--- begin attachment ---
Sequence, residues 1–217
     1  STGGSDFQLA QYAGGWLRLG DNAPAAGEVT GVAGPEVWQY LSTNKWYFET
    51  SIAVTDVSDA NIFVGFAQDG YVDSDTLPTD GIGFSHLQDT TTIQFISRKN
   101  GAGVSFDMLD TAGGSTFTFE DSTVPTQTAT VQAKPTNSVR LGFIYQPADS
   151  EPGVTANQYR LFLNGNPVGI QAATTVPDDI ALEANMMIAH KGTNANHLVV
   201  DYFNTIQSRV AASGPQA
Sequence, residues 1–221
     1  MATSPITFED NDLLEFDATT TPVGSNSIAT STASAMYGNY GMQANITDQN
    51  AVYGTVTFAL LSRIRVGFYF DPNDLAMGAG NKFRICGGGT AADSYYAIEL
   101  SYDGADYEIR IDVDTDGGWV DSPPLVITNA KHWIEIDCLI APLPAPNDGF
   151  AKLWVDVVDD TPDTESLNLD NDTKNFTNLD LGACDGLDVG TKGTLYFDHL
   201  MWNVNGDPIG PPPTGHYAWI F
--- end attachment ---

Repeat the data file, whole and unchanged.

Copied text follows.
Sequence, residues 1–217
     1  STGGSDFQLA QYAGGWLRLG DNAPAAGEVT GVAGPEVWQY LSTNKWYFET
    51  SIAVTDVSDA NIFVGFAQDG YVDSDTLPTD GIGFSHLQDT TTIQFISRKN
   101  GAGVSFDMLD TAGGSTFTFE DSTVPTQTAT VQAKPTNSVR LGFIYQPADS
   151  EPGVTANQYR LFLNGNPVGI QAATTVPDDI ALEANMMIAH KGTNANHLVV
   201  DYFNTIQSRV AASGPQA
Sequence, residues 1–221
     1  MATSPITFED NDLLEFDATT TPVGSNSIAT STASAMYGNY GMQANITDQN
    51  AVYGTVTFAL LSRIRVGFYF DPNDLAMGAG NKFRICGGGT AADSYYAIEL
   101  SYDGADYEIR IDVDTDGGWV DSPPLVITNA KHWIEIDCLI APLPAPNDGF
   151  AKLWVDVVDD TPDTESLNLD NDTKNFTNLD LGACDGLDVG TKGTLYFDHL
   201  MWNVNGDPIG PPPTGHYAWI F